BETHLEHEM, WEST BANK — Khaled Bdeir remembers joking around earlier this week with his younger brother. The 11th grader seemed normal, he said, not angry, not like someone who was hours away from killing.

Issa Bdeir, 16, detonated explosives Wednesday evening in the working class Israeli city of Rishon Letzion, just south of Tel Aviv. The powerful blast killed two Israelis and the suicide bomber — the youngest in the last 20 months of fighting.

"God willing, I will be a martyr."

Issa Bdeir, 16


The Al Aqsa Martyrs Brigade, linked to Yasser Arafat's Fatah movement, claimed responsibility for the attack.

Khaled Bdeir said his brother was a good student who liked to play soccer. At his home in Al Doha village on Friday, Khaled said he had no idea what young Issa was planning.

"I am shocked, I am surprised. ... I didn't think that he could reach the level to decide to blow himself up," Khaled said.

An uncle, Mahmoud Abu Odeh, 38, said the teen-ager was deeply affected by news of Palestinian children being killed by soldiers. Many of those children died while hurling rocks at soldiers. Others were caught in cross-fire.

Odeh remembered an ominous message written on the cover of one of the boy's school notebooks: "God willing, I will be a martyr." Palestinians refer to those who die in attacks as martyrs.

Unseen by his family, Issa prepared himself to die.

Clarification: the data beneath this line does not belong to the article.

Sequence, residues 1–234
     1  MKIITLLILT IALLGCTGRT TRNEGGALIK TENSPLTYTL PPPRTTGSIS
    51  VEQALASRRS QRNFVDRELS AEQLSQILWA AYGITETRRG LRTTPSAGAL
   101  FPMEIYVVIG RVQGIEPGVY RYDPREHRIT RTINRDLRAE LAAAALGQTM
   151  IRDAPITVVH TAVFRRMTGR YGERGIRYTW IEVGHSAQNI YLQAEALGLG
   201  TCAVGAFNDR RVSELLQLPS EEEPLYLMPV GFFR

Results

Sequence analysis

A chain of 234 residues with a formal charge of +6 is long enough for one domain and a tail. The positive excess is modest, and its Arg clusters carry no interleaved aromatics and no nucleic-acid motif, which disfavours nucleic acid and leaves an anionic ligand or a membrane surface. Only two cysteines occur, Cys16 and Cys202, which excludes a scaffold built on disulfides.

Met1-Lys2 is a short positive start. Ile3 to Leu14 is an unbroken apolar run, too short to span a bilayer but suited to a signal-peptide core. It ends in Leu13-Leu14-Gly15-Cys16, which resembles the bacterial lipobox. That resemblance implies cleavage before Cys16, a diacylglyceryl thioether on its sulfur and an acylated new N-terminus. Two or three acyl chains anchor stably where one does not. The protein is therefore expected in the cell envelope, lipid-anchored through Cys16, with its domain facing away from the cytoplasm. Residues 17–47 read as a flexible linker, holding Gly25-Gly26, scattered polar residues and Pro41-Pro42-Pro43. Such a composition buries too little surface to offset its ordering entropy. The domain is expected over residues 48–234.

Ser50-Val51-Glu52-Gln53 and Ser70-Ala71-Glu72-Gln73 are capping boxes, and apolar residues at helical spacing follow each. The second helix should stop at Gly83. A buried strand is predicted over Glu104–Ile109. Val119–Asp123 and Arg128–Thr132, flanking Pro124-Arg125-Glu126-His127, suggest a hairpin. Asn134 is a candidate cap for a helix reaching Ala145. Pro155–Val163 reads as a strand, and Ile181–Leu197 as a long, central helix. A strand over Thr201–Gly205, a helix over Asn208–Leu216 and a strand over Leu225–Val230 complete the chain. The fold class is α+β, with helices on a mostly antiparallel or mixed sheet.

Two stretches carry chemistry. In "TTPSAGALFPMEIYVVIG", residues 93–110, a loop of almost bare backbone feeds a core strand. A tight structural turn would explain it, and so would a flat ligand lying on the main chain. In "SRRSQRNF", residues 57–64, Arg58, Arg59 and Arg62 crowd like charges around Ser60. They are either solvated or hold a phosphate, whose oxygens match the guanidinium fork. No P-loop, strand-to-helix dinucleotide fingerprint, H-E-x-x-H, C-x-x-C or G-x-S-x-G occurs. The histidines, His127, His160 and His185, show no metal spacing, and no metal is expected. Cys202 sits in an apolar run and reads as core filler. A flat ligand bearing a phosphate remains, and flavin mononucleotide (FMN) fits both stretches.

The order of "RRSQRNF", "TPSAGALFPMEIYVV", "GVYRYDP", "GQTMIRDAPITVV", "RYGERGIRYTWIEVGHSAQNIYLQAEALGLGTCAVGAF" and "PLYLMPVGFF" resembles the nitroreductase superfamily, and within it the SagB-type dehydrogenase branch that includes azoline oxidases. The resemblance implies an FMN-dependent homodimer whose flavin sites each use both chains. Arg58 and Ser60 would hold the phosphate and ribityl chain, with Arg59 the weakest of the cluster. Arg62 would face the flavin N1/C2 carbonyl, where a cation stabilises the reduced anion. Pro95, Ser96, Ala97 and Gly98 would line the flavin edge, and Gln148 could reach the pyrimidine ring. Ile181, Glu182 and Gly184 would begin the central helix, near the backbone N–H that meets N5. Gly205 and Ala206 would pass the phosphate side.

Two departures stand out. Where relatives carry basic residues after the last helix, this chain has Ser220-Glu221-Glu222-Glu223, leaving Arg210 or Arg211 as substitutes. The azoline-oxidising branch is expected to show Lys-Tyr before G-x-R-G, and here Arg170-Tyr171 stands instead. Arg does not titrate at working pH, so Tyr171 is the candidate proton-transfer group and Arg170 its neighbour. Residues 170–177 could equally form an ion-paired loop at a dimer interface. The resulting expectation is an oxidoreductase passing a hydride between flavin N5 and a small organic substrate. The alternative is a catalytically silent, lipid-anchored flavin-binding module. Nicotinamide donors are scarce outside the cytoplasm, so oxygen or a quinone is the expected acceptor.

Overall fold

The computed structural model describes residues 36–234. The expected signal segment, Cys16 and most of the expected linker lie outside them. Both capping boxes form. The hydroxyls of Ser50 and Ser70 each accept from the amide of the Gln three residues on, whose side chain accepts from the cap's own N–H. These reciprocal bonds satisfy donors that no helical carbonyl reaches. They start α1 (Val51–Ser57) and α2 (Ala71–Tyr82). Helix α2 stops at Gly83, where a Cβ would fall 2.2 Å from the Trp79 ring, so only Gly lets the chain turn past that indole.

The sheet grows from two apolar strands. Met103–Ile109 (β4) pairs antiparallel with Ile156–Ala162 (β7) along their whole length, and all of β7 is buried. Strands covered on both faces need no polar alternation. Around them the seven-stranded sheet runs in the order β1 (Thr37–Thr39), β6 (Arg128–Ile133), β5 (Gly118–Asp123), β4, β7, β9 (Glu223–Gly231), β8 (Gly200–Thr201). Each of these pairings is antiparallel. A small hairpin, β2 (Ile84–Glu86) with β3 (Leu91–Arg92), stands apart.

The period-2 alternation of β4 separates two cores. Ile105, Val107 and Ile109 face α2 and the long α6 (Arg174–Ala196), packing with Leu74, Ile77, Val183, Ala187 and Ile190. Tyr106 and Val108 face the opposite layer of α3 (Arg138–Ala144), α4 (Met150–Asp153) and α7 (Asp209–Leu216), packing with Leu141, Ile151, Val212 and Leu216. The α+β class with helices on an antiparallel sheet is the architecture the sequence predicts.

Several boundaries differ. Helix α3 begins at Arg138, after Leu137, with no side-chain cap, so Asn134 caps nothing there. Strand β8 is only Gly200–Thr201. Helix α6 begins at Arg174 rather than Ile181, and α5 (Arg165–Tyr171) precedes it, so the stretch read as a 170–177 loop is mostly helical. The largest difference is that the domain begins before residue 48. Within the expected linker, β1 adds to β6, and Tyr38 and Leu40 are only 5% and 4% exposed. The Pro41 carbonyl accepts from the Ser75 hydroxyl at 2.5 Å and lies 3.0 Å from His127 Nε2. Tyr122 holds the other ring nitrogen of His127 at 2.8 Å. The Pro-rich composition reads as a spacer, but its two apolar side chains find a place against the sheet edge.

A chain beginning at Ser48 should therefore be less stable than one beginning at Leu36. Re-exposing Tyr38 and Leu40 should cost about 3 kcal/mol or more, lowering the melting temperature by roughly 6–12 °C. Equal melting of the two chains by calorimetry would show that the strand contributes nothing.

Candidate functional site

Like many suicide bombers, Issa delivered his final message in a home video.

In the video, the boy wears a a black and white scarf around his head and a backpack over his shoulders. Reading from a notebook, he says, "I am going to commit my operation to avenge the continuous Israeli aggression that is still committed against our people. Goodbye Mother, goodbye Father and goodbye to my family."

Then, he poses with a semi-automatic pistol and a revolver in each hand and slowly turns in a circle before walking eerily toward the camera.

Issa had short black hair, but dyed it blond, apparently so he might blend in with the Russian immigrants and young Israelis in Rishon Letzion. The city park he targeted is a place where young couples walk and elderly men gather to sip tea and play cards, dominoes and backgammon.

Perhaps no one noticed him. Or maybe it was too late. He blew himself up in the middle of two rows of wood tables. Blood and body parts flew up along with a debris of cards and dominoes. A teen-age boy and an elderly man were killed.